- Nico Rosberg sets the quickest time for Mercedes in practice for Monaco Grand Prix
- Mercedes boss Ross Brawn warns Sunday's race is the real test for his team
- Fernando Alonso can become first driver to win in Monaco GP for three teams
- Red Bull lament practice pace but remain confident
Mercedes are preparing for a "true test" in Sunday's Monaco Grand Prix after Nico Rosberg catapulted the Silver Arrows to the fastest time in practice, with teammate Lewis Hamilton a close second.
The German driver, who was raised in Monte Carlo, set the pace around the city's tight and twisting streets with a leading lap of one minute 14.769 seconds on Thursday.
"It was a very productive day for us," said Rosberg, who has taken pole position for Mercedes at the last two races in Bahrain and Spain but failed to translate that into podium finishes due to the team's struggles with tire degradation.
"It seems that we are quick again on one lap but we've been working hard again to make improvement to our race pace.
"It will be interesting to see where we are compared to the others over the weekend as it's not really representative today."
Mercedes arrived in the principality as favorites because the street circuit -- the shortest and slowest on the Formula One calendar -- plays to the strengths of their 2013 car.
Qualifying is crucial in Monaco, where there are few overtaking opportunities, and Mercedes will be seeking to win a fourth successive pole position in Saturday's qualifying.
Michael Schumacher also took pole in Monaco last season, in a Mercedes car not vastly different to this season's charger, which will also give Rosberg and Hamilton confidence that they can repeat his feat.
The slower circuit should also be advantageous to Mercedes because it isn't as abrasive on the tires. Tire wear, especially on the rear, has been the team's Achilles heel this season on race days.
Rosberg and Hamilton completed 97 laps during Thursday's second practice session in Monaco -- more than any other team -- in an attempt to test their pace and tire performance during long stints on the circuit.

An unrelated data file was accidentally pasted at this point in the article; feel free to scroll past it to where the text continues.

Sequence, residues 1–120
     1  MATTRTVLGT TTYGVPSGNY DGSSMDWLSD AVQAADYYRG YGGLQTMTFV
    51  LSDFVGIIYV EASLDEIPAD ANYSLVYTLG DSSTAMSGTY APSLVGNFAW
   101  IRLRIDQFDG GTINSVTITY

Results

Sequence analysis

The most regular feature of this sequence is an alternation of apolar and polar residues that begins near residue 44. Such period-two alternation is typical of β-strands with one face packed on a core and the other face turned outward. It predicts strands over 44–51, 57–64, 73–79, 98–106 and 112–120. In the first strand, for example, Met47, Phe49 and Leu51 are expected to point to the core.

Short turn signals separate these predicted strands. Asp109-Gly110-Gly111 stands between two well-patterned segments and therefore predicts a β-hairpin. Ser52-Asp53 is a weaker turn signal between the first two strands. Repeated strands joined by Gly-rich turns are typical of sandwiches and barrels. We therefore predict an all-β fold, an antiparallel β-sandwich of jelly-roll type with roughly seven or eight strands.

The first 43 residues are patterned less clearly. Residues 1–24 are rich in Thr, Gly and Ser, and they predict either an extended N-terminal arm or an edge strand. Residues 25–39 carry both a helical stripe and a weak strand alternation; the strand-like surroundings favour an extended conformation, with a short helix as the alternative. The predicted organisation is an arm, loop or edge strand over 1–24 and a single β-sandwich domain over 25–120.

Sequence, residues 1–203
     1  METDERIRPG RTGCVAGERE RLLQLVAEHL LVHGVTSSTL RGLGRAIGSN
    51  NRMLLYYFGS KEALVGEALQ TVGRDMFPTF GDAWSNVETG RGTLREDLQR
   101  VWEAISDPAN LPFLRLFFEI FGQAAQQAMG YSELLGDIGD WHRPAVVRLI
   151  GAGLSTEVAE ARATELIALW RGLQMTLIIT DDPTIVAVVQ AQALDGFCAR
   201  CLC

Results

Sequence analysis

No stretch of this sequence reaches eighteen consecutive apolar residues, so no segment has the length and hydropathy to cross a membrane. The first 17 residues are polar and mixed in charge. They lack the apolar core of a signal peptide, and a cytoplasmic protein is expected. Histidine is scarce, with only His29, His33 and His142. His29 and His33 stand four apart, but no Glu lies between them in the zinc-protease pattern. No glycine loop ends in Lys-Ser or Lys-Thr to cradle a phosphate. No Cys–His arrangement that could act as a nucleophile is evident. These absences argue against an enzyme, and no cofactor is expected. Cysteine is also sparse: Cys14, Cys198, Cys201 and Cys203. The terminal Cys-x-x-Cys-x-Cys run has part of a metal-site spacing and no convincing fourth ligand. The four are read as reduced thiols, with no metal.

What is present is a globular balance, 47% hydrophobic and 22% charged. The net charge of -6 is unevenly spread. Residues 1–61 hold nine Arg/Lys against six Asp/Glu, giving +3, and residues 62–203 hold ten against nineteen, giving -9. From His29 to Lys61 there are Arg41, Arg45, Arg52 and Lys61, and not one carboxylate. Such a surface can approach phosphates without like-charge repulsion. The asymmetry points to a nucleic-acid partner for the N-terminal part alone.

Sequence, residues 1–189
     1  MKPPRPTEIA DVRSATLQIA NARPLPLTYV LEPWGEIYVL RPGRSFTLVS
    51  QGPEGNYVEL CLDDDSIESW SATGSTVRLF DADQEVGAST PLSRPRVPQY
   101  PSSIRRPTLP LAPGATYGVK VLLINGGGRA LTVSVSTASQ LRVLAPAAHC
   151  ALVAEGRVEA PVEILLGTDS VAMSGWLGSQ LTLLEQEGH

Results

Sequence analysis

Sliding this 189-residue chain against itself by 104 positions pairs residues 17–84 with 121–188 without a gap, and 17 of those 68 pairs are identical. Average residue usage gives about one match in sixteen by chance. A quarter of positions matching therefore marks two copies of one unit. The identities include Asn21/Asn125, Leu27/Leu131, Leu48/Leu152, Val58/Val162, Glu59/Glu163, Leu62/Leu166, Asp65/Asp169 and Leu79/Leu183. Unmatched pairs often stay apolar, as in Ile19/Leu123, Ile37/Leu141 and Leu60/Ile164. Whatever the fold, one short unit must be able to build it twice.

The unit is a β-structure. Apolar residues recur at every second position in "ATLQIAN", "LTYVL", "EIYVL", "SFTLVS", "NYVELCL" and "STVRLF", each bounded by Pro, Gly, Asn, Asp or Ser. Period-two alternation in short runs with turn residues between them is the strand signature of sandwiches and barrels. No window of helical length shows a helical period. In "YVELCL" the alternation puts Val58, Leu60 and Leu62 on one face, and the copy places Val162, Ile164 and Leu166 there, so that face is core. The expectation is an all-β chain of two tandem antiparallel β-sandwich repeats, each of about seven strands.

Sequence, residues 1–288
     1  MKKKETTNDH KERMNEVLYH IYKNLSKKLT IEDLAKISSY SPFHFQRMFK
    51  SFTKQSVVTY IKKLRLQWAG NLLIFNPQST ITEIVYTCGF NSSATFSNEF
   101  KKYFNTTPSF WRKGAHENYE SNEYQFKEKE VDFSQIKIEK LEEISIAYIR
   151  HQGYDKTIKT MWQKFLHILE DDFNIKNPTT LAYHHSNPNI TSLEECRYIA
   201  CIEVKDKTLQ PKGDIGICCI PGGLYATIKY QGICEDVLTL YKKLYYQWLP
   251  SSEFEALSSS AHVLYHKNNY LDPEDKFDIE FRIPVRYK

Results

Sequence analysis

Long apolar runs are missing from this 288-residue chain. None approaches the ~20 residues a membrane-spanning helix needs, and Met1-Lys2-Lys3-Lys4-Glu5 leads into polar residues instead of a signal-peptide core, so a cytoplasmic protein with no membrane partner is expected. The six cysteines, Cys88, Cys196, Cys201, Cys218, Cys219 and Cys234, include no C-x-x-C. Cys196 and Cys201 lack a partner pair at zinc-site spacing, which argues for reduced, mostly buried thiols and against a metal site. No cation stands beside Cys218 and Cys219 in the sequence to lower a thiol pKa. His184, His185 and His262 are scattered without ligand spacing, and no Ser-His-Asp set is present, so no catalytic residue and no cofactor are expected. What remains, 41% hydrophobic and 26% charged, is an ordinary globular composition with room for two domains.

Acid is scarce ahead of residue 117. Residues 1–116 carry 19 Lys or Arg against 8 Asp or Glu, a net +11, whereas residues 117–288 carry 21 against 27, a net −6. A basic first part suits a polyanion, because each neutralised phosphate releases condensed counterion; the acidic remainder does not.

"I'm pleased with what we have achieved here in Monaco," said Hamilton, who won in the principality in 2008 on his way to winning the world championship for McLaren.
"I need to improve my one-lap pace. The car is almost there, the pace looks good but we'll work on those areas which can be improved before the weekend."
There were predictions in Monaco that some teams might try to stop just once during the race -- which would be a marked contrast to the five-stop strategy the majority of teams had to use last time out in Spain because of Pirelli's rapidly degrading tires.
Mercedes team principal Ross Brawn agreed there are some important decisions to be made if the team can capitalize on their potential pace and win their first race of 2013.
"The true test will come on Sunday," he said. "It's a pleasing start but now we have to make the right decisions for Saturday and Sunday."
Double world champion Fernando Alonso kept the Mercedes pair in his sights, though his Ferrari was just under half a second slower than Rosberg's leading time.
The Spaniard took some avoiding action to escape a hairy moment in second practice when he came into Rascasse corner to be confronted with Nico Hulkenberg's Sauber on a slower lap.
Alonso, winner of the last race in Spain, said he had come to Monte Carlo with even more motivation to be the first driver this season to triumph in successive races -- and also make a bit of history.
"I could be the first man to win for three different teams and for sure that is a huge motivation to do it," said Alonso, who won in Monaco for Renault in 2006 and McLaren the following year.
"Of course we want to win the championship, but Monaco is a special race, let's say the most important race of the championship.
"Because everyone in the world has heard something about Monaco Grand Prix, Indy 500 and Le Mans, the three races that everyone knows about even if they are not motorsport fans."
World champions Red Bull admitted they were still looking for answers after their first run around Monaco's legendary circuit.
Mark Webber, a two-time Monaco winner including last year, set the fifth fastest time with triple world champion Sebastian Vettel recording the ninth quickest lap.
When asked if Red Bull could match the pace of the Mercedes, Webber responded: "If we could, we would have done it today.
"One minute and 14.7 seconds round here is not hanging around but let's see how things go. You will never come to Monte Carlo and have the perfect day.
"I think traditionally we're never too electric here on Thursdays."
Unlucky for Lotus
Vettel missed time on track in second practice while his Red Bull team worked on his car, which the German later said had a problem with its KERS device -- a kinetic energy recovery system which adds a boost of power.
"It is not completely ideal but that is Friday -- or in this case Thursday," he said, referring to Monaco traditionally having practice a day earlier than the other races, which gives teams more time to prepare for qualifying.
"We had a KERS problem this afternoon, so I didn't use that. The guys know what the problem was with that," Vettel added.
"My run on super-soft tires was very poor, so we need to understand why."
Lotus will need to patch up Romain Grosjean's car ahead of qualifying. The Swiss driver was the only man to fall foul of Monaco's narrow streets as he crunched the front of his car into the barriers at the Sainte Devote corner.
His teammate Kimi Raikkonen, who is second in the championship four points behind Vettel, was sixth fastest in practice.